The answer to all four, and the myriad other companies displaced by digital disruption, is that at some point, you established a cash cow—a product or service that generates the majority of your income and profits—and you spent years and even decades building a successful business around it designed to not only grow, but also to protect and defend it. The fact that most of us are all so busy and so focused, coupled with the ongoing need to meet or exceed your quarterly numbers will keep you from looking far enough outside of your business and industry to see the disruption ahead.

The Reputation Economy: Are You Ready?

Reputation Management

You probably grew up getting lectures from your mom about the value of a good reputation. Well, as usual, Mom was right—and maybe more than she knew. Reputation is about to become a capital asset, and it’s going to be digital. I’m talking about the rise of the reputation economy.

In fact the reputation economy has been rapidly growing for some time now. Before they do renovations, homeowners Google contractors to make sure they’re worth hiring. Consumers look at online product reviews before making a purchasing decision, and 90 percent say they’re influenced by those reviews.

Apple’s Smartwatch Will Launch A Wearable Revolution

Health sport woman with smart watchApple’s smartwatch launch will launch far more than their smartwatch, it will launch wearable technology into the mainstream for the first time and create enormous growth opportunities for both companies that are already in the wearable space, and new companies that will spring up thanks to a rapidly growing consumer demand.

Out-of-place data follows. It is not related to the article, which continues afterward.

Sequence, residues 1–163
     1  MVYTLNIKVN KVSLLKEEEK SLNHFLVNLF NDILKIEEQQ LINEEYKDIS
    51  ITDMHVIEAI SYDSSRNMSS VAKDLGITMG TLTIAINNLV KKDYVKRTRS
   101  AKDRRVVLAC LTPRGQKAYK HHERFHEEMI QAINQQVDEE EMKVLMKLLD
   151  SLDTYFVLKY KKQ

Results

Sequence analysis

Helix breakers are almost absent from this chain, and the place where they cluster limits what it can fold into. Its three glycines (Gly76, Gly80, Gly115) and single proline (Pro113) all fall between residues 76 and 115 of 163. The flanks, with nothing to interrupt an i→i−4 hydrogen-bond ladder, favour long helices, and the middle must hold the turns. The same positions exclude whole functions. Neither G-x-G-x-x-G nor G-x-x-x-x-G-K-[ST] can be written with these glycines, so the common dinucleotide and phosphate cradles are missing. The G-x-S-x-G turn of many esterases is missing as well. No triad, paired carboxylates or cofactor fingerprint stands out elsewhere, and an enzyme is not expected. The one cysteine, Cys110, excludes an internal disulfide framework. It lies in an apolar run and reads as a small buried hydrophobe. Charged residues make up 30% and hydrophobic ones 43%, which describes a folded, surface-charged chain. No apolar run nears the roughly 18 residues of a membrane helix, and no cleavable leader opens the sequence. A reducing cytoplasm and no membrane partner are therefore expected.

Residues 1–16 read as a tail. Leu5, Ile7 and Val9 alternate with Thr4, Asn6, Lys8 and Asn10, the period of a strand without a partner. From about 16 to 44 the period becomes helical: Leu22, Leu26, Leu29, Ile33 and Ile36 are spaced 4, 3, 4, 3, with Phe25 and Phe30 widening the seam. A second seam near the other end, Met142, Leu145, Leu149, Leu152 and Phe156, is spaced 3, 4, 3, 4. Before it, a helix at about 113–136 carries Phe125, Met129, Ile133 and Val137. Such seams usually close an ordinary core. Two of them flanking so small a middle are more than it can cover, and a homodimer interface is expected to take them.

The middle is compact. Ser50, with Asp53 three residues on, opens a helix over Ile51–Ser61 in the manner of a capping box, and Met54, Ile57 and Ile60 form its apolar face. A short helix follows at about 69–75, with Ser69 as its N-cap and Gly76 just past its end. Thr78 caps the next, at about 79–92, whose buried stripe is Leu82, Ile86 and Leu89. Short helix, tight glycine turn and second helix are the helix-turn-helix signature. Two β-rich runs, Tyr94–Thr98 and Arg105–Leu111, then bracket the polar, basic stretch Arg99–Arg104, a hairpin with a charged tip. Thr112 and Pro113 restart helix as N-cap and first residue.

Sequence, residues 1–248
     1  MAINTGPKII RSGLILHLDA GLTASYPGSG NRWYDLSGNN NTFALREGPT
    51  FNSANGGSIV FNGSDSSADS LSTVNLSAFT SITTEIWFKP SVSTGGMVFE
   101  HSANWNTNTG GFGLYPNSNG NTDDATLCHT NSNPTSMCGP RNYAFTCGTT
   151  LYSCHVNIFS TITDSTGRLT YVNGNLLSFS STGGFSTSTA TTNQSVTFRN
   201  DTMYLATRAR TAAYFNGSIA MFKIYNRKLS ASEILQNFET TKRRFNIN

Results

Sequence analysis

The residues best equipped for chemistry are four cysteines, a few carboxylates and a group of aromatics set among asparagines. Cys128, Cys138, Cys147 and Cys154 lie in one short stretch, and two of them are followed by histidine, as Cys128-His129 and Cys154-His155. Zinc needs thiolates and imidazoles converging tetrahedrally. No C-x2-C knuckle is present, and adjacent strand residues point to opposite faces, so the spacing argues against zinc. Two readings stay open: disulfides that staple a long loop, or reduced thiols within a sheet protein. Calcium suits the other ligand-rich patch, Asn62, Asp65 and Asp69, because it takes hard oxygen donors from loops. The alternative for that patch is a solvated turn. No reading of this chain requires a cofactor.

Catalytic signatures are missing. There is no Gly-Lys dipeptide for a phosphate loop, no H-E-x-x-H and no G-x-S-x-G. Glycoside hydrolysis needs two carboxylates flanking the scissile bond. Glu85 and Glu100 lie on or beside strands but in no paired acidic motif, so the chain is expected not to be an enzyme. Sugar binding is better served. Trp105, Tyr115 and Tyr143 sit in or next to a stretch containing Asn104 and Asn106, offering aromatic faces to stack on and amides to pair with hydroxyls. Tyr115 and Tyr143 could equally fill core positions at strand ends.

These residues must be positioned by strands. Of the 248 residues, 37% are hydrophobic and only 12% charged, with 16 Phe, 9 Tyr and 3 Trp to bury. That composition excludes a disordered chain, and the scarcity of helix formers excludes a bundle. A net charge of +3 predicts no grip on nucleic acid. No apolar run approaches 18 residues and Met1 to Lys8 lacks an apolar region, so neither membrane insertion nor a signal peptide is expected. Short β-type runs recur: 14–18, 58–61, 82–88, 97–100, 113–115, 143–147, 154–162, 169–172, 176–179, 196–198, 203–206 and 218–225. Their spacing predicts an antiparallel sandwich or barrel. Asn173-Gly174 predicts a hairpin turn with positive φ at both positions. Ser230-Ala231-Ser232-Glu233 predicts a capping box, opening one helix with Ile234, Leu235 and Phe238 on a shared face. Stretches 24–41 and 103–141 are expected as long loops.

Even before Apple’s launch, there is a growing list of naysayers who are predicting that the Apple watch will fail.  May say they there is nothing on the watch you could not already do with your phone and many go on to say that there is no business case for an Apple watch.

Leadership “Strengths” That Are Actually Weaknesses

What does it mean to be a great leader today?

thumbnailThe triumphant stories of tech moguls, business icons, and successful entrepreneurs have become a popular fixture in films, books, and TV shows — both fictionalized and fully fictional. We can’t get enough of them. And why not? When someone creates a company and stewards it to success in real life, it’s an incredible narrative. And in the capable hands of strong writers and talented performers, those stories become thrilling, dramatic reenactments of our own highest aspirations and touchstones of achievement we can all enjoy and relate to.

Everyday Innovation Can Produce Big Results

thumbnailSo many companies get obsessed with scoring the next Big Innovation. Of course we’re all hungry to find that next giant disruptive idea that will revolutionize our industry. However, how often can you truly expect that big stroke of genius to happen? Once every two years, once a year at the very most? In addition, most employees of large and midsize companies don’t feel they are capable of coming up with the next Big Innovation and assume others are working on this so they go about their tasks failing to innovate. Speaking of mindsets and culture, can you expect such a huge leap to come if you don’t have a culture in your organization that fosters innovation and rewards it? In truth, the type of innovation that we need most is not the Big Innovation that happens in dramatic bursts every now and then. What we need most is Everyday Innovation.

The Privacy Revolt: The Growing Demand For Privacy-as-a-Service (PaaS)

thumbnailThere’s one thing just about every company has in common right now. Without even necessarily meaning to, they have in some way become the proprietor of a new kind of wealth. I’m referring of course to their customers’ data. But the flipside to acquiring that data is your customers now hold you to certain expectations: namely, that you’re taking steps to safeguard their privacy.